Secrets to Travelling To Chichicastenango Market From Lake Atitlan

Going to Chichicastenango (or Chichi for short) is a perfect day trip from Lake Atitlan. Chichi is home to arguably the largest market in Central America, replete with fabrics, fabrics, and more fabrics. Guatemala is home to a gorgeous countryside with tons of fruit and vegetable production. If you didn't learn about it growing up, there was an important coup d'etat in 1954 when the United States government supported the overthrow of leftist president Jacob Arbenz over the (non) use of arable land by US corporations, but that is for another time. Guatemala is still home to a wide variety of fruits and vegetable production that feeds much of the Americas.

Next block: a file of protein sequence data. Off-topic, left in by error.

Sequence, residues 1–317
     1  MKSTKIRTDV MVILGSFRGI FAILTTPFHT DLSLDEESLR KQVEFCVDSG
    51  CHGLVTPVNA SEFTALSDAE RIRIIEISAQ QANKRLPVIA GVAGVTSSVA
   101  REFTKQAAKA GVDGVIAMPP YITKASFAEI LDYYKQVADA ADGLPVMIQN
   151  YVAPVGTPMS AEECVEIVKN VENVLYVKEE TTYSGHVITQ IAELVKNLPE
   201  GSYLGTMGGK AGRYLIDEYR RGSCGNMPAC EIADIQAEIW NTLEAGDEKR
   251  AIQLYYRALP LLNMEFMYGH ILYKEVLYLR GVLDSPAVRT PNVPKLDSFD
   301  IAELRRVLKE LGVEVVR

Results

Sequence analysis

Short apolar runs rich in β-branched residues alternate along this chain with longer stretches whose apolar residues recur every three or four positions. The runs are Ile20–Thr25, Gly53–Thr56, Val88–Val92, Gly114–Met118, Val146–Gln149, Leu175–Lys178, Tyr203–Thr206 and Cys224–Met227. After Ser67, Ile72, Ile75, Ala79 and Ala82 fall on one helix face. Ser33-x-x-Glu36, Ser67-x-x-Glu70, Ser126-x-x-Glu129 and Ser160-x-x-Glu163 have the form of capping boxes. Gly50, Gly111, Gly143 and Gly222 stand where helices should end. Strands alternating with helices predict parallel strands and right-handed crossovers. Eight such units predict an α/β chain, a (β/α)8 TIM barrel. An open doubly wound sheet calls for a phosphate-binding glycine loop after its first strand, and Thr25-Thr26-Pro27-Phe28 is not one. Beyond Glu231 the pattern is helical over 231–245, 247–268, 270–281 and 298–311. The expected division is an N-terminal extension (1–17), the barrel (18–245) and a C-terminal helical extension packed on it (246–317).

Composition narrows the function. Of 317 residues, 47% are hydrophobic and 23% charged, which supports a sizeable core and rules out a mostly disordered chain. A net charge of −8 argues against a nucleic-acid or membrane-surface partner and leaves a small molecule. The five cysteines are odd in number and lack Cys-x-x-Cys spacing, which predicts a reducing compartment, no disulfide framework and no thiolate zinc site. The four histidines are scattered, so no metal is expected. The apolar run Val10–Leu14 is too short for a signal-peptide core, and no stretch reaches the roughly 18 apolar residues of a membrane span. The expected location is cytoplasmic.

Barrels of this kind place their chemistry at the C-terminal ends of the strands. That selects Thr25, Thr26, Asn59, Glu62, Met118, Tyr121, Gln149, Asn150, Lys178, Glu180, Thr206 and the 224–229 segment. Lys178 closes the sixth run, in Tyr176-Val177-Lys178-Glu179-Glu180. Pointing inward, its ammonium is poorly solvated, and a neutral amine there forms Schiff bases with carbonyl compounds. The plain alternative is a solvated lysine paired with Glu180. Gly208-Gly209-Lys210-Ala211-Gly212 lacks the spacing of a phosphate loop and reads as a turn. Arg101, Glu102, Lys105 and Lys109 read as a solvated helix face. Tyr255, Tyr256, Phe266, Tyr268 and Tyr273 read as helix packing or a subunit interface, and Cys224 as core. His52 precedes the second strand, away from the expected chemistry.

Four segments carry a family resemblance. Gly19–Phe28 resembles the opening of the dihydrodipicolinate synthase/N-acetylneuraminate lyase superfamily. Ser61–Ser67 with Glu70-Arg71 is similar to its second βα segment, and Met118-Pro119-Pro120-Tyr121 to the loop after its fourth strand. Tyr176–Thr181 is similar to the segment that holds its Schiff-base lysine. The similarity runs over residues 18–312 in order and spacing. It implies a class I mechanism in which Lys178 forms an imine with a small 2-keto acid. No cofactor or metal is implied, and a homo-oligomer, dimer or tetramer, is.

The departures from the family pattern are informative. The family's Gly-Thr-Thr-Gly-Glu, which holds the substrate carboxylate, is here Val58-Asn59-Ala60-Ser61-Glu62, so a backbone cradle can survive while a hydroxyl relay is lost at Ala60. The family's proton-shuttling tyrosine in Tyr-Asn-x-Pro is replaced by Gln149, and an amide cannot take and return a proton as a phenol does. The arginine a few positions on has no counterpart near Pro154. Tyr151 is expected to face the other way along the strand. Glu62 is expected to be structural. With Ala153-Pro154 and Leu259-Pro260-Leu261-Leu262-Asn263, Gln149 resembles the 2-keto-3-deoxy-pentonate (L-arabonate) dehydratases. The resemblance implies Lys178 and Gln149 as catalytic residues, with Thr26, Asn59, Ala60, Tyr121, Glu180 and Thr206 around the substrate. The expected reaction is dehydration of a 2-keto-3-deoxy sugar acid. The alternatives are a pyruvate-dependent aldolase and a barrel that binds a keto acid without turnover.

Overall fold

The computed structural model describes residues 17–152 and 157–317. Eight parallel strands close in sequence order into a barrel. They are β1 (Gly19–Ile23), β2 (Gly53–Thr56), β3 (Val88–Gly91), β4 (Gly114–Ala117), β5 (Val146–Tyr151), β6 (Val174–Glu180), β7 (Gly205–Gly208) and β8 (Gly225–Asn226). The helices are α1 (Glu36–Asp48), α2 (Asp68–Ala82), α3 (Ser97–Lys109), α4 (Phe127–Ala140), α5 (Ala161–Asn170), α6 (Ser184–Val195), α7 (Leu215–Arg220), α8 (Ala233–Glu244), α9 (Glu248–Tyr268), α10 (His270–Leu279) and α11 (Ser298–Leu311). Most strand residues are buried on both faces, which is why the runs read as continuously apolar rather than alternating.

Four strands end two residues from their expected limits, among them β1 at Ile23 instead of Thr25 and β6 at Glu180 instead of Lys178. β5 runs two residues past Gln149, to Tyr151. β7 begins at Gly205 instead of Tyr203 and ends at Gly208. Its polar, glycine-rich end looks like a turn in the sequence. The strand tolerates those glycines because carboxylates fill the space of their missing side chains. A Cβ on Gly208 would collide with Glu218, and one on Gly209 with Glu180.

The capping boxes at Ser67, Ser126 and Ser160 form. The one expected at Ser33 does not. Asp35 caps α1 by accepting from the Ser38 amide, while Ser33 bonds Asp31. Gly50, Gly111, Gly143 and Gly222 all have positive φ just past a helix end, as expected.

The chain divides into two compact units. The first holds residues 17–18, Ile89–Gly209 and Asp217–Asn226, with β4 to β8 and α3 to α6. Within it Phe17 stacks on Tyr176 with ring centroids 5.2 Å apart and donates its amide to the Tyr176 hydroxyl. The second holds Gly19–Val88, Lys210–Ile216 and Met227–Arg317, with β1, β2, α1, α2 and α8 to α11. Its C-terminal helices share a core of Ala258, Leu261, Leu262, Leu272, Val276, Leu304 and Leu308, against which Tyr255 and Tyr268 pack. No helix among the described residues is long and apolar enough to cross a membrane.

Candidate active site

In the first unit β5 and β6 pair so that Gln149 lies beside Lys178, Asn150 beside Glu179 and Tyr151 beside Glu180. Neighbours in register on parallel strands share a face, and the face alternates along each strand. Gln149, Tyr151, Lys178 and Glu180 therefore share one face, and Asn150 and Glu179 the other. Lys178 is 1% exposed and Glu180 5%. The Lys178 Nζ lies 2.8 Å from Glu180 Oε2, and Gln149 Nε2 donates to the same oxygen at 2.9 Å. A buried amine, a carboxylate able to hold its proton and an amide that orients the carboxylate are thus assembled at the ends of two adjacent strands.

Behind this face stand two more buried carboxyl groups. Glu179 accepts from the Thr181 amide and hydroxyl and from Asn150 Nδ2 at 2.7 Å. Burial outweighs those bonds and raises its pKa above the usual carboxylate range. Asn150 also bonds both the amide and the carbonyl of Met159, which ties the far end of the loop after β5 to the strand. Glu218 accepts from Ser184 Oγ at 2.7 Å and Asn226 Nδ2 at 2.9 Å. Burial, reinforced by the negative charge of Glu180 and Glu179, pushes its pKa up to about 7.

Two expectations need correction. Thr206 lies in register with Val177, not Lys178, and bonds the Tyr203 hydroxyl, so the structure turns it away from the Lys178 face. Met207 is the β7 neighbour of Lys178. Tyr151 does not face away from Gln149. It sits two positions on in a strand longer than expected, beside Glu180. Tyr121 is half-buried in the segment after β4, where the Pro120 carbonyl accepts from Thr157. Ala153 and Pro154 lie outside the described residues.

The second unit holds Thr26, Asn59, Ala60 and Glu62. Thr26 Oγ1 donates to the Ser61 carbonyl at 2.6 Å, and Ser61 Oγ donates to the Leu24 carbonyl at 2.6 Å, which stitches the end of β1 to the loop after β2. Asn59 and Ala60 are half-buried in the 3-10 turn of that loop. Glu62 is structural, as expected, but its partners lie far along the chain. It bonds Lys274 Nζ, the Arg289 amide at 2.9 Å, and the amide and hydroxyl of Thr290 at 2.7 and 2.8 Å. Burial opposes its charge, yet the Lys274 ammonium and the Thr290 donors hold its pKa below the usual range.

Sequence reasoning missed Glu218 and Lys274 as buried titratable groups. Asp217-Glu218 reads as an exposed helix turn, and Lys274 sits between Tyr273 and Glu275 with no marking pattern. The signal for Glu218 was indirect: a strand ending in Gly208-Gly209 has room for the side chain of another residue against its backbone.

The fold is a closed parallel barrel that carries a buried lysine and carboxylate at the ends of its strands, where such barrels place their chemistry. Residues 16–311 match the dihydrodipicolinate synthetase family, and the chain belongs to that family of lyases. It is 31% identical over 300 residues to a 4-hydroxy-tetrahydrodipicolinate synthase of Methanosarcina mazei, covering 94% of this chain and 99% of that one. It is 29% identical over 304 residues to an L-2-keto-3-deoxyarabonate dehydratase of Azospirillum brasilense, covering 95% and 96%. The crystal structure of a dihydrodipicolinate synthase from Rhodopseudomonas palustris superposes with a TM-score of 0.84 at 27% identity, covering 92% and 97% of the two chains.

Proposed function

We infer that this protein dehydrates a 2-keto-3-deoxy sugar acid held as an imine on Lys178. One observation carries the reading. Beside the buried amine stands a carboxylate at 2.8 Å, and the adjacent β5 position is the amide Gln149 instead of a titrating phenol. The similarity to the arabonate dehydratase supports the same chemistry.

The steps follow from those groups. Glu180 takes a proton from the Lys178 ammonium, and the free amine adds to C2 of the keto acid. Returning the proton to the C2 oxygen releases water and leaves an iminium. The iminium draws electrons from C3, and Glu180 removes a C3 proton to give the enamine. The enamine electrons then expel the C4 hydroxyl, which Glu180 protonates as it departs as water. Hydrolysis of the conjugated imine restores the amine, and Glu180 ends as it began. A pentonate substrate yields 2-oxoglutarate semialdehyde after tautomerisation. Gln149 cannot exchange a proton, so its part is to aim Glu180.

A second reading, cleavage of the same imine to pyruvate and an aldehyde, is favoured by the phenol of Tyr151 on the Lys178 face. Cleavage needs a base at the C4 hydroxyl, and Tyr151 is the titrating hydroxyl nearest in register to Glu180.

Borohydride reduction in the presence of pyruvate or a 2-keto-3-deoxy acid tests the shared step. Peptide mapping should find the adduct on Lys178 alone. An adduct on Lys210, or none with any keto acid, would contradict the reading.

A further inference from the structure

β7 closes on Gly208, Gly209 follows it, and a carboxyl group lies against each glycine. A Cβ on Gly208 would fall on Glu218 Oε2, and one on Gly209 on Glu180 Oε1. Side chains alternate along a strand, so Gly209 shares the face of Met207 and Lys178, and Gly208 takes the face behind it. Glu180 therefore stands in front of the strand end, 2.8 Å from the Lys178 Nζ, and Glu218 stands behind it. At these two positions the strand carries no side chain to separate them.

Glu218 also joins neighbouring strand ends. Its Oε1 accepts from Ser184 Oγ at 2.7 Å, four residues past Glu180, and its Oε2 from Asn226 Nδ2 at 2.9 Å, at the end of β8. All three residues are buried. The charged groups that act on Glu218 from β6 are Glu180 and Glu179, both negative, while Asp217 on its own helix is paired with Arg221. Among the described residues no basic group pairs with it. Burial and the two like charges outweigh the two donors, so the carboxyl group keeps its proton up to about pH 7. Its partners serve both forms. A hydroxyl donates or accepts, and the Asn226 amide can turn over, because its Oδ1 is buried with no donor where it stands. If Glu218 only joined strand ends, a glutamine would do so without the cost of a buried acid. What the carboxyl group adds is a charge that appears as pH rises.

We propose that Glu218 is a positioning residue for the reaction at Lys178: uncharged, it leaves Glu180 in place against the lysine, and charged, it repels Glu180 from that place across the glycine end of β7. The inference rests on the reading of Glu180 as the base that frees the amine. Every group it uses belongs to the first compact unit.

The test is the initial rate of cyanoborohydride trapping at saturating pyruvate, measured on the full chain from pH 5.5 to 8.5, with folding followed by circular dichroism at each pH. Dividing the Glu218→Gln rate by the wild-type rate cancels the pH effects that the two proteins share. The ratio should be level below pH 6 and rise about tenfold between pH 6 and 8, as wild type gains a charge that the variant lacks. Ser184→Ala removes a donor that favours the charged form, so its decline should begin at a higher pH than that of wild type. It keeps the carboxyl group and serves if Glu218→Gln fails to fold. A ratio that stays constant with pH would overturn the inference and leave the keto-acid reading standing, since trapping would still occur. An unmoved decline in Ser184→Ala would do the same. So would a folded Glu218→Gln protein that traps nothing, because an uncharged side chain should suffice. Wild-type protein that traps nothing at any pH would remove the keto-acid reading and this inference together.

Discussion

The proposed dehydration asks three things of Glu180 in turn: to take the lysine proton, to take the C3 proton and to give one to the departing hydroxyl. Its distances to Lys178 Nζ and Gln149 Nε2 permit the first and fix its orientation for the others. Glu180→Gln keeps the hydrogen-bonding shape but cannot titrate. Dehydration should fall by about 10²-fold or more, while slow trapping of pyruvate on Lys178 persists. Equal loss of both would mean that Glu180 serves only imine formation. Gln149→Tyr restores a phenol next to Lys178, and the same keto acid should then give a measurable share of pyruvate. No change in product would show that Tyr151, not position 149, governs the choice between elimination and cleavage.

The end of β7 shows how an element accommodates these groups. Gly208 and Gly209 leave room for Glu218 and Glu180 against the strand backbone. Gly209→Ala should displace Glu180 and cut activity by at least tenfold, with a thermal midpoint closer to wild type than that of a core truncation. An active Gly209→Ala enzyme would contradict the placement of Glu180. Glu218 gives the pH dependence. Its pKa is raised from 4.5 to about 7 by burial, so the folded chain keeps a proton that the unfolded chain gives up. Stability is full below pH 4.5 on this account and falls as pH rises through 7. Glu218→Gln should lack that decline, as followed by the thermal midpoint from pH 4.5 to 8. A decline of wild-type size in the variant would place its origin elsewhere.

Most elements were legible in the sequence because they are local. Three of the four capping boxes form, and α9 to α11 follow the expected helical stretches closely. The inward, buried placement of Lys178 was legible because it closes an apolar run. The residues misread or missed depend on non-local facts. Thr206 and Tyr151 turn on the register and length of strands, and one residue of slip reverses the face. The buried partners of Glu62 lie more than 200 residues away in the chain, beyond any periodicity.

Indigenous plants, leftover fruit, and produce that isn't eaten is great for creating dyes. Words don't do this color explanation justice, you need to see it to believe it. The traditional Mayan garb has different styles depending on what area of Guatemala you are visiting. Thus far, all that I have seen are splendidly covered in colors of all kinds. Chichi's style is particularly eye catching.


You probably need to see it person to believe it. Colors of all types and combinations.


When you are surrounded by these colors on all sides, it can be quite the color overload. That is a good thing.